It can be seen that Fletcher progresses further than just opposing the original themes Shakespeare included, but actively challenges his predecessor’s treatment of inequality in his play. Fletcher differentiates between his male and female audience, his prologue beginning with, “Ladies, to you” (Fischlin & Fortier 25), a direct contrast to Shakespeare’s, which begins with the character of Sly being awarded a wife, underlining the idea that Shakespeare’s Shrew is one of the uses of women for male benefit. Garner argues that The Shrew is “performed for the male characters in the Induction,” (115) reiterating the play’s cultural atmosphere of women being seen as subordinate to men, to the extent that female characters were performed by young male actors. A quote from critic Allardyce outlines that “Shakespeare’s women were the creation of a teeming imagination ” and its only limitation was the number of competent, well-trained boys available at the given time,” (Allardyce 324) revealing again, how Fletcher’s cultural context of female subordination informed his decision to reverse the roles of Petruchio and Katherina in his adaptation, that women were so unequal to their male counterparts at this time that they weren’t accepted to play female roles despite their matching gender.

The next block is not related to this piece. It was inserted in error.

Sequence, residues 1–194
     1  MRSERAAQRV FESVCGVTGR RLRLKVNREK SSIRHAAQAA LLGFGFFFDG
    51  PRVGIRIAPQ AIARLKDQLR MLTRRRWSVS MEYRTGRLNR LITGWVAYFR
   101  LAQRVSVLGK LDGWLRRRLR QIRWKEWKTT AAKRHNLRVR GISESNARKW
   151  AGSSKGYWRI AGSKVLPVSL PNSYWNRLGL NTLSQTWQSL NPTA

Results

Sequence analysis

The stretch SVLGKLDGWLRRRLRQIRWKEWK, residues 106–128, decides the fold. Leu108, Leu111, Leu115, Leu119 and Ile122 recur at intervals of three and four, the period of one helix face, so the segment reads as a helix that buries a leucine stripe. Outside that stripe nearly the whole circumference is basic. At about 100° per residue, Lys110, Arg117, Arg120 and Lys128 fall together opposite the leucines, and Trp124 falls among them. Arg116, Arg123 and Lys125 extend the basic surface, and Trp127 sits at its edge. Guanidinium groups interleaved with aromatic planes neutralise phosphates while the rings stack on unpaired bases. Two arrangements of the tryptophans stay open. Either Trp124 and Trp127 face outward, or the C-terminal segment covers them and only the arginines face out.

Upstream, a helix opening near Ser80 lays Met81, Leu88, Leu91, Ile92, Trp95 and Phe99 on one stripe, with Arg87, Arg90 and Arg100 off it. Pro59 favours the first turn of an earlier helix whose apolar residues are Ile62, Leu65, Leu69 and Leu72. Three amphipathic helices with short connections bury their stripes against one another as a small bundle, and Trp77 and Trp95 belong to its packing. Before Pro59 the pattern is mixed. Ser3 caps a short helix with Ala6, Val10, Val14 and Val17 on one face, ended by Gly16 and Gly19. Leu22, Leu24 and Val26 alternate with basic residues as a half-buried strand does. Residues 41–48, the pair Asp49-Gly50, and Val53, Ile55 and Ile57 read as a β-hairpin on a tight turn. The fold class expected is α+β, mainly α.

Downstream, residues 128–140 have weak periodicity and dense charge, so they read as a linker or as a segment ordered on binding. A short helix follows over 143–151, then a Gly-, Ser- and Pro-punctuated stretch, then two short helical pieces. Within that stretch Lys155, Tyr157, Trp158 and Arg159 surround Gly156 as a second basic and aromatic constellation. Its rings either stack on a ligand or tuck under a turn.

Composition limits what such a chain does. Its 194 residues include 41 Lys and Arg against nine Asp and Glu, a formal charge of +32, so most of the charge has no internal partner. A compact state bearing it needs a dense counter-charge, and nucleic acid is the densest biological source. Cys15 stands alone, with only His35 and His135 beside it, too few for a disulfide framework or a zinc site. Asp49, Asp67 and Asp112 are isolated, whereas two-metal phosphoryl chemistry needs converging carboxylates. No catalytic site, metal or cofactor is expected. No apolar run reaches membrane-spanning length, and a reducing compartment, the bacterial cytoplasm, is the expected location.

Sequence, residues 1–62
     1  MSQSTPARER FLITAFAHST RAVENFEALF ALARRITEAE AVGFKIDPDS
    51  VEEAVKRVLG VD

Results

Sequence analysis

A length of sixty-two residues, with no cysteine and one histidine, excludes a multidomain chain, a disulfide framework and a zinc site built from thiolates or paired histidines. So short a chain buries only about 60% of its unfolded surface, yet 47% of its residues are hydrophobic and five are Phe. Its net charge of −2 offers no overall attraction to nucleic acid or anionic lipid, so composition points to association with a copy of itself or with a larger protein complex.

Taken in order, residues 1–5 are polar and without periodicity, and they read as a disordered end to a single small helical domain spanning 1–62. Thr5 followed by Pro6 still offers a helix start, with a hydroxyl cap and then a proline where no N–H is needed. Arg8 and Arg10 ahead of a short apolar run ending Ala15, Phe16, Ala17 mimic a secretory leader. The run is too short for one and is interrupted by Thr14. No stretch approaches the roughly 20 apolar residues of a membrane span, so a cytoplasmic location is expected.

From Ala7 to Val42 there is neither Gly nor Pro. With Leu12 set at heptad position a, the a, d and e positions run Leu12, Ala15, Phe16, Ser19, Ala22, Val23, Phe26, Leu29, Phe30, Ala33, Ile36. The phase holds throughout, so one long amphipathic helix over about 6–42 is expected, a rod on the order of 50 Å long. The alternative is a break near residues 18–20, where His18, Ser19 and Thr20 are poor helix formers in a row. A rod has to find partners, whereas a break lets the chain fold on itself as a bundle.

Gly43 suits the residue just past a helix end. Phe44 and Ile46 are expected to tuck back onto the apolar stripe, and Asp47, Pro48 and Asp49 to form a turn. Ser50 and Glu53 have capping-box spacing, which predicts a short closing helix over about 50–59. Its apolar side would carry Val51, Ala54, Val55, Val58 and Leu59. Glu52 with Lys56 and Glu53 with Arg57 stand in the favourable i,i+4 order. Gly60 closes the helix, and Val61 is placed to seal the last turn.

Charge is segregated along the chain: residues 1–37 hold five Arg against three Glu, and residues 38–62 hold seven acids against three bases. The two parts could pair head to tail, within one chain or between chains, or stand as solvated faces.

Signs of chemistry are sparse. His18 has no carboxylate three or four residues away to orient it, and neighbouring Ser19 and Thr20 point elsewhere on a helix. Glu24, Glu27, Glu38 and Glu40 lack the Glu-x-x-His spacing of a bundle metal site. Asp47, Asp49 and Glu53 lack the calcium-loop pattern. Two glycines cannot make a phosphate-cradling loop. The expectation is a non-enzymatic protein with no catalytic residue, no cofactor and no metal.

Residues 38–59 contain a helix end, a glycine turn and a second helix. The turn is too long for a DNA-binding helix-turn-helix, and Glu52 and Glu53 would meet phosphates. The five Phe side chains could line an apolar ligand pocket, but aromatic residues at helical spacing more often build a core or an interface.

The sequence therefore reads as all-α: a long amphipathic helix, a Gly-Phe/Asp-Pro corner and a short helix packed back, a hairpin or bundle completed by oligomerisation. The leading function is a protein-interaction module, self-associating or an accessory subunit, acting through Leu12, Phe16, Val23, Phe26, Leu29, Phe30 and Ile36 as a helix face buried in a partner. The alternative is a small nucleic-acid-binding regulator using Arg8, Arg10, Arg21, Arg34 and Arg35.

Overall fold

In conclusion, the “inconstancies” that Tate refers to in the given extract are such that they underline adaptations of Shakespeare’s works. Each alteration, or inconsistency from the original, made to both King Lear and The Taming of the Shrew was created with the adaptor’s contemporary audience in mind, where they try to “recontextualize Shakespeare politically,” (Fischlin & Fortier 5). Historical and cultural contexts inform adaptations of Shakespeare’s plays to the highest extent, where each play-write needs to ensure his play will be well received or thought-provoking for the audience it is first performed to. Tate and Fletcher’s adaptations are just two versions of hundreds, but both demonstrate that the changes made in their adaptations were to engage their contemporary viewers. As written by critics Fischlin and Fortier, “there is no end to the ongoing adaptation of Shakespeare;” (19) that his plays will continuously be adapted to the needs of different audiences.